The Weinstein Sex Scandal is Far From Over

While some have commented that in spite of the continuing sexual assault and harassment claims against Hollywood mogul, Harvey Weinstein, it would be difficult to build a criminal case, that doesn’t mean there will be no legal ramifications. It is very likely that Weinstein’s alleged mistreatment of women will lead to costly civil lawsuits that could have severe consequences for both the executive himself and his namesake film and TV company due to the significant potential liability involved.

According to California law, Weinstein Co. could be held liable for Weinstein’s alleged sexual harassment. Whether or not alleged victims could bring a lawsuit against 65-year-old Weinstein would depend on the California statute of limitations for civil sexual assault (2 years in California, although Weinstein has also been accused of similar behavior in New York where the state of limitations is 3 years). Experts in sexual assault and the law expect to see a flood of lawsuits head Weinstein’s way unless he has already settled with the victims outside of court.

Possibly to minimize any more legal trouble, Weinstein Co., fired Weinstein after a New York Times investigation discovered that Weinstein had reached a minimum of 8 legal settlements dating back to 1990 over various instances of alleged sexual harassment. The New Yorker published a story that included an array of allegations, but one stood out from the rest. The respected news outlet reported that Weinstein had raped 3 women in the last 2 decades, including well known actress, Asia Argento, from the 1999 drama “B. Monkey” distributed by Miramax. Weinstein has previously apologized for “his behavior,” but does deny claims of rape, stating that he believed all the relationships to be consensual.

Weinstein Co.’s board or directors publicly stated that they were shocked and dismayed by the allegations being made and that they supported investigations into the alleged acts.

If you have questions about sexual harassment or misconduct in the workplace, please get in touch with one of the experienced California employment law attorneys at Blumenthal, Nordrehaug & Bhowmik.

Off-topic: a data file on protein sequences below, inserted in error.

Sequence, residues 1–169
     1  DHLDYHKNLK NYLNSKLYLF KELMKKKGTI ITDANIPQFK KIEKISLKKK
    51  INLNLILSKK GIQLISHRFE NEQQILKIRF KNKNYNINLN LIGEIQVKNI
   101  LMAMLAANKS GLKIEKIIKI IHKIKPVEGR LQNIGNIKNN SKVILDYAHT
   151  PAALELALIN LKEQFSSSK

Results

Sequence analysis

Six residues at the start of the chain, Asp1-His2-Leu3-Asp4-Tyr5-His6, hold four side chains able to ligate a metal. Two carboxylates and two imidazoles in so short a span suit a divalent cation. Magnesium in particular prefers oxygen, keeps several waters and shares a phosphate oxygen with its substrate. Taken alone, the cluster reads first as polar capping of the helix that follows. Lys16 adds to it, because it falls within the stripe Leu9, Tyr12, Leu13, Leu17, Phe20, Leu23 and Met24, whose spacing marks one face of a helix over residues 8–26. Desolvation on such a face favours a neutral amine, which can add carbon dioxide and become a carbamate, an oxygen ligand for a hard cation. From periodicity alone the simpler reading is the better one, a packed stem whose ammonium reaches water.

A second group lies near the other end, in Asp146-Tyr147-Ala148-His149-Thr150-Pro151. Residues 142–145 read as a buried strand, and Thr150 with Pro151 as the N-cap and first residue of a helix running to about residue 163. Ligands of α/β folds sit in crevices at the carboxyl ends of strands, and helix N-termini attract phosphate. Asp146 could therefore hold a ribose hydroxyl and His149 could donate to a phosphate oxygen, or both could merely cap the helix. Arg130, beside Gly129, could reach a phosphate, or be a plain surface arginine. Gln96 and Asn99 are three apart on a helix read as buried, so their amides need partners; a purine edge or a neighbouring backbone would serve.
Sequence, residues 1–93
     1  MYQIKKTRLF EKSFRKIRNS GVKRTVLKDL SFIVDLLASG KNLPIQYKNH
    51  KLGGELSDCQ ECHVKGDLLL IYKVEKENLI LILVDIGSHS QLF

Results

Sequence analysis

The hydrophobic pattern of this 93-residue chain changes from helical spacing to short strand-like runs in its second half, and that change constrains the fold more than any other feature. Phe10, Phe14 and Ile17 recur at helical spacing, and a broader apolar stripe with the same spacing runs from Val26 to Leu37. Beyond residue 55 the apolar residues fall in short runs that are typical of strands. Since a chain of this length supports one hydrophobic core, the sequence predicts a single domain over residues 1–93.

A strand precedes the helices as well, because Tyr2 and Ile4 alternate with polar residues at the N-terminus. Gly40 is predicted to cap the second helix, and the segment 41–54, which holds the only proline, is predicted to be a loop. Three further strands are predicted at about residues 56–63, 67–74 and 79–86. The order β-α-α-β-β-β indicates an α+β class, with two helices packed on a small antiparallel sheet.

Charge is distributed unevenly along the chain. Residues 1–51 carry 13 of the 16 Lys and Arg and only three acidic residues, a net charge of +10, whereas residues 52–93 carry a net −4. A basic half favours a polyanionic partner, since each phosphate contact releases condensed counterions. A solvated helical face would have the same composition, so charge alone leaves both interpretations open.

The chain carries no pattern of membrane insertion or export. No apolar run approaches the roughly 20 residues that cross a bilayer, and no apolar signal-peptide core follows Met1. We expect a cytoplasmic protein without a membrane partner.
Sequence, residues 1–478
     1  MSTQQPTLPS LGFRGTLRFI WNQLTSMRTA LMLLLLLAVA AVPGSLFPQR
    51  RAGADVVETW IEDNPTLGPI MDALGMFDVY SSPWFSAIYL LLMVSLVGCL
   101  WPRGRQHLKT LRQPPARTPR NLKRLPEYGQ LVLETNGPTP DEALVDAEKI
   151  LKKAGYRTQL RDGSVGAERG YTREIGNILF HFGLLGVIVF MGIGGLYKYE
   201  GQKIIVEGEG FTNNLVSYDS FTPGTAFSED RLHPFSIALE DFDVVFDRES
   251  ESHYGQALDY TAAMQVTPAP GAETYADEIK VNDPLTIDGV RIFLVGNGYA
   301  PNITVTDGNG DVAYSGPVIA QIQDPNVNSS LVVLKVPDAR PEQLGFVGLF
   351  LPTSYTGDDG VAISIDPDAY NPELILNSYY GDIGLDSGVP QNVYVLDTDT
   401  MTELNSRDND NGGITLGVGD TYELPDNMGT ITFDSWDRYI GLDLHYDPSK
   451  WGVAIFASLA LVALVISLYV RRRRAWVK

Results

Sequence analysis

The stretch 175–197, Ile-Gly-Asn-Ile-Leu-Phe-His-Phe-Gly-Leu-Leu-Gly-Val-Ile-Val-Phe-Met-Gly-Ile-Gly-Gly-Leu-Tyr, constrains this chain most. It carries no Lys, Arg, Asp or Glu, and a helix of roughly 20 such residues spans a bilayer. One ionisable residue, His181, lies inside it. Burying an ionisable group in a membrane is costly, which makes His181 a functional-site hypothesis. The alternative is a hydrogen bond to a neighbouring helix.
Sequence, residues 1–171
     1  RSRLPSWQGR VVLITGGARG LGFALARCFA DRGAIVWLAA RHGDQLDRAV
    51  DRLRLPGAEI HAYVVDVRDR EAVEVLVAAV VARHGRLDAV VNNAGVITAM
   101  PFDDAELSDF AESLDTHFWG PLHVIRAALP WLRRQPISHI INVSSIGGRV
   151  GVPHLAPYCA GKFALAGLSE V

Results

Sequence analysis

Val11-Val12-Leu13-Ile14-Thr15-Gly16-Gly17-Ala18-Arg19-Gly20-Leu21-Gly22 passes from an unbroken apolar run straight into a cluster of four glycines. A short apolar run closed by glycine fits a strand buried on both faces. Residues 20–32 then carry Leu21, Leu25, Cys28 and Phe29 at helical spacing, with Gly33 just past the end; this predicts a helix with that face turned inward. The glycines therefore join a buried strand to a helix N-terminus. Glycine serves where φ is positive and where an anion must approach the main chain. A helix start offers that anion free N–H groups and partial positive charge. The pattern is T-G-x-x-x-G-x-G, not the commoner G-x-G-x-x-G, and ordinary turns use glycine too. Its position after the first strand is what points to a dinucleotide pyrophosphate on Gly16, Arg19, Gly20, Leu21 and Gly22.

Sexual Harassment Case Results in $300,000 Punitive Damages Despite Nominal Damages Award

In the State of Arizona v. ASARCO LLC, 2014 WL 6918577 (9th Cir. 2014) (en banc) Angela Aguilar claimed she was sexually harassed on the job, experienced workplace retaliation, was subjected to purposeful infliction of emotional distress and was finally terminated from employment after approximately 11 months working in a copper mine.

The trial, lasting eight days, ending with the jury finding ASARCO liable on sexual harassment claims (violating Title VII of the Civil Rights Act), but not on constructive termination or retaliation claims made by Aguilar. Ms. Angela Aguilar was awarded $1 in nominal damages and $868,750 in punitive damages. Based on the statutory cap that can be found in 42 U.S.C. § 1981a(b)(3)(D), the district court reduced the award to $300,000.

ASARCO cited BMW of N. Am., Inc. v. Gore, 517 U.S. 559 (1996) as they argued for appeal that the 300,000 to 1 ratio of punitive to compensatory damages was in violation of due process rights. The United States Court of Appeals did allow that the cited “Gore” case was of relevance to the context of the case, but clearly noted a differentiation between the two saying that Aguilar, the plaintiff in the case against ASARCO, had asserted a claim (under a statute, Title VII, including provision § 1981 imposing a cap on punitive damages. Using this as a basis for argument, the due process issues that were raised in the Gore case are not applicable to employment discrimination claims filed under Title VII.

The Court also noted that the jury was given instruction from the district court not to award any nominal damages over $1 to the plaintiff, Aguilar. The Court also found no mistake in the district court’s admission of sexually explicit graffiti in bathrooms as evidence. The graffiti used as evidence was similar to the graffiti that was directed at Aguilar. The Court affirmed the award to Aguilar of $350,902.75 for attorney’s fees and other costs.

For additional information on sexual harassment in the workplace and how to handle hostile work environments in California contact your southern California employment law experts at Blumenthal, Nordrehaug & Bhowmik